Genitourinary

Legislating HPV vaccine – A state tale

The ANA supports legislative efforts that bolster adolescent health. In 2006, the introduction of the first federally approved vaccine to guard against the human papillomavirus (HPV), Gardasil, and subsequent national recommendations by the Centers for Disease Control and Prevention (CDC) set the stage for a flurry of state activity. Forty-one states and the District of Columbia introduced legislation to require, fund, or educate the public about the vaccine. ANA has been tracking the activity and offers guiding principles for evaluating legislation.HPV is among the most common sexually transmitted infections in the United States and the leading cause of cervical cancer. There are about 100 different strains of HPV; some are associated with cervical
cancer, some with genital warts or vulvar or vaginal cancers. The CDC reports that more than 50% of all women will get HPV infection at some time in their life; most of whom will not know it because of asymptomatic strains. Those at greatest risk for HPV infection include females younger than 25 who had multiple sexual partners; who had sexual intercourse at age 16 or younger; or who had sex with a male with multiple sexual partners. The CDC recommends routine vaccination of girls between the ages of 11 and 12 before they become sexually active. Gardasil reportedly provides 100% protection against infection from HPV types 16 and 18, responsible for nearly 70% of all cervical cancers, and protects against HPV types 6 and 11, which cause 90% of genital warts. Results of current studies indicate the protection lasts at least 5 years; it is unknown whether boosters will be needed.
Although the CDC provides recommendations, vaccination requirements are established at the state level. Some states grant regulatory bodies the power to establish vaccination policy, but the legislature determines funding. Much of the policy debate in the states has centered on school mandates, citing concerns about Gardasil’s safety and efficacy, parents’ right to choose, and associated cost. The three required injections of Gardasil are reported to cost $360. If mandated, states are concerned about furnishing the vaccine for the uninsured and those covered by Medicaid or the State Children’s Health Insurance Plan and whether insurance plans should be required to provide coverage. Most large health plans cover the costs of “recommended” vaccines, yet there may also be a “catch up” period to extend coverage for the new recommendations. Many have voiced moral objections to a mandate for a vaccine for sexually transmitted disease.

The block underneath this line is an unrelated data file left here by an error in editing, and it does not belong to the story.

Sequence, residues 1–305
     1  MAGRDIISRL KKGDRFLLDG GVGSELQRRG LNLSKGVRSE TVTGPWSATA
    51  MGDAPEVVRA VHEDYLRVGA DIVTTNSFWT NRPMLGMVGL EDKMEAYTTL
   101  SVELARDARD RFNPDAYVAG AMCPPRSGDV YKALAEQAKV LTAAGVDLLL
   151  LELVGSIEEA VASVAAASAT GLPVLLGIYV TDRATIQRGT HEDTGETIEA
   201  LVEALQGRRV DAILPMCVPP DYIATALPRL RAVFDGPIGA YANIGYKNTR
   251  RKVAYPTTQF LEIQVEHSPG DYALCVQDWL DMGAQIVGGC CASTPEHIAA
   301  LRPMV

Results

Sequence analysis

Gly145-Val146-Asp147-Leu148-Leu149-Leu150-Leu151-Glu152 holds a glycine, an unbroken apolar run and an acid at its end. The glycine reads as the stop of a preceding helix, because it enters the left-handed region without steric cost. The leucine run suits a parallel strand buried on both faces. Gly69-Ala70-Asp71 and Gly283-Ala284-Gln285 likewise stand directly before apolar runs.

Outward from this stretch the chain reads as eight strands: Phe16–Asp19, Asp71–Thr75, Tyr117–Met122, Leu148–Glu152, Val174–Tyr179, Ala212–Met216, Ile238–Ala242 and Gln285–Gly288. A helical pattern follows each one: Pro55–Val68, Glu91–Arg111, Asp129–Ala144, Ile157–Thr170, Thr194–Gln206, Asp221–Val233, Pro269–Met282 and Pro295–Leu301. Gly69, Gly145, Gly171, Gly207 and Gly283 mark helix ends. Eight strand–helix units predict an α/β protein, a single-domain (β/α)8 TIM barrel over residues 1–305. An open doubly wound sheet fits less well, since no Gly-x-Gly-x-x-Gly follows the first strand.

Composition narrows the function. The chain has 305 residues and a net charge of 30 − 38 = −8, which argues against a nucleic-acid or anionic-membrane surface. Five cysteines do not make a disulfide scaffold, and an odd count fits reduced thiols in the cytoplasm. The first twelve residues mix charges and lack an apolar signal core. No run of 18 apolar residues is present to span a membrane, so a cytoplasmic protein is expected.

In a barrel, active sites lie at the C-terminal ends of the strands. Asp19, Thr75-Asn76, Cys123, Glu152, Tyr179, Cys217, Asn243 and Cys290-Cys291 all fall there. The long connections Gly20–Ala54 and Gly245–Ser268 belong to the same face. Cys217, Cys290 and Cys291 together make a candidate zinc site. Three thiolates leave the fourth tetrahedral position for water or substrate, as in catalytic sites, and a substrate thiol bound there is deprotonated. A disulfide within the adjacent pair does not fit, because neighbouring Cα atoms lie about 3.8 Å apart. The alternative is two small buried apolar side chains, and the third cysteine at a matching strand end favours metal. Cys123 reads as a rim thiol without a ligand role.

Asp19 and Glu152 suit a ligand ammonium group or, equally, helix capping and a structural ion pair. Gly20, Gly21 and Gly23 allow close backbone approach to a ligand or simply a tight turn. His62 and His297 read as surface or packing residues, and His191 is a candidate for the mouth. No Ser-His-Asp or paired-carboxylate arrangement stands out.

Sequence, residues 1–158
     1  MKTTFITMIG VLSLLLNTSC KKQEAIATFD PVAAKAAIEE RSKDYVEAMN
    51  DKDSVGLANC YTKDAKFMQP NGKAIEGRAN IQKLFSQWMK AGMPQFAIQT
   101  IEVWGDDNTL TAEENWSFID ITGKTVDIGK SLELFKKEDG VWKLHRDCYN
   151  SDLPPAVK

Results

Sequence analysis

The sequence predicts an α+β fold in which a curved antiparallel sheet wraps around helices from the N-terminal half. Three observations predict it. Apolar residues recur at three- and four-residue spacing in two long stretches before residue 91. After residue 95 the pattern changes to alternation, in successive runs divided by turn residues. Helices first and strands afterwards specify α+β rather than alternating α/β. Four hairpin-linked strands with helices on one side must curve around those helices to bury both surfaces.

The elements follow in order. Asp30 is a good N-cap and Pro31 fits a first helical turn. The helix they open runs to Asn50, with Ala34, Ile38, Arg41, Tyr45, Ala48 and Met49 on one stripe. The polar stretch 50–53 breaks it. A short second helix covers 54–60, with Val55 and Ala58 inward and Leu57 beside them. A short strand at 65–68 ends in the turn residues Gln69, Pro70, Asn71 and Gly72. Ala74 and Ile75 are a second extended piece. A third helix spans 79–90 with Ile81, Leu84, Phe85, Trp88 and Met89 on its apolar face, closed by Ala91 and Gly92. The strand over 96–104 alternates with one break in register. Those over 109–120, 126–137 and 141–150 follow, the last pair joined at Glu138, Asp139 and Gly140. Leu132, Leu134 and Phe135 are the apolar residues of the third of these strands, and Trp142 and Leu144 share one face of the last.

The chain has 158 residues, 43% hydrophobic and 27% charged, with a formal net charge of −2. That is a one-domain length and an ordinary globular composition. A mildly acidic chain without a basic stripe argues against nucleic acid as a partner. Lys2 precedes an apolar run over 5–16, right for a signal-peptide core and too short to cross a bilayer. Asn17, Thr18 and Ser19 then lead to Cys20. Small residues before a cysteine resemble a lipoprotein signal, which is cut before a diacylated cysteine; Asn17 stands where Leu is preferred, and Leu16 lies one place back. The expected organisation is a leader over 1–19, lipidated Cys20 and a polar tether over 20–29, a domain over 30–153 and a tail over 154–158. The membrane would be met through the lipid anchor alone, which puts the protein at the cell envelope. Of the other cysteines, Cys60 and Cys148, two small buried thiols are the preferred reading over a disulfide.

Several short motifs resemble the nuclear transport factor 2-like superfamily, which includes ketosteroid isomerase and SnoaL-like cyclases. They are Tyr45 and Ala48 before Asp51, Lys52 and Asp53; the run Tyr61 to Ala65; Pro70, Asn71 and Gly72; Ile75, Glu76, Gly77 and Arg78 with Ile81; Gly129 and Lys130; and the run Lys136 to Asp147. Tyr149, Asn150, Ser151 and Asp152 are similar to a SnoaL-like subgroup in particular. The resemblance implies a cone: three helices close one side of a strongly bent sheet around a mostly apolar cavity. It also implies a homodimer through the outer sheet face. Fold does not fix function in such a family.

Despite some false starts in 2006 when bills failed in Michigan and Ohio, in 2007 a number of states have enacted legislation, which varies greatly. Although Texas was the first state by executive order to require all females entering the sixth grade to receive the vaccine, legislators responded with an override. The resulting legislation requires schools to distribute medically accurate and unbiased information about the vaccines to parents or legal guardians. The Virginia legislature passed a school vaccine requirement stipulating a child receive the first dose before entering the sixth grade. Following the governor’s amendment, parents have the ability to exempt their child. Indiana law does not mandate the vaccine for school attendance but requires parents of girls entering the sixth grade to receive information. Parents then must sign a statement notifying the school of their decision to vaccinate or not and in turn, the school must provide the information to the state health department.
Other states have chosen different legislative approaches. Colorado, Connecticut, and Utah legislated awareness campaigns; Iowa, New Jersey, North Carolina, and Washington require education in the schools; Rhode Island and New Mexico passed laws requiring insurance plans to cover HPV immunization.
ANA believes that deciding whether to support mandating vaccination involves weighing the known benefits against the rights of parents’ to consider what is best for their children. ANA recommends that HPV vaccine legislation, at the very least, include provisions for parental choice; the opportunity to “opt out” after having received education about the relationship between HPV and cervical cancer; and provisions for funding and access, should a health plan not provide coverage or if individuals are uninsured. Additionally, ANA supports continued research to monitor the HPV vaccine’s efficacy, the development of new vaccines, and the appropriateness for expanding coverage to males.

Janet Haebler, MSN, RN, is Associate Director of State Government Affairs for ANA.

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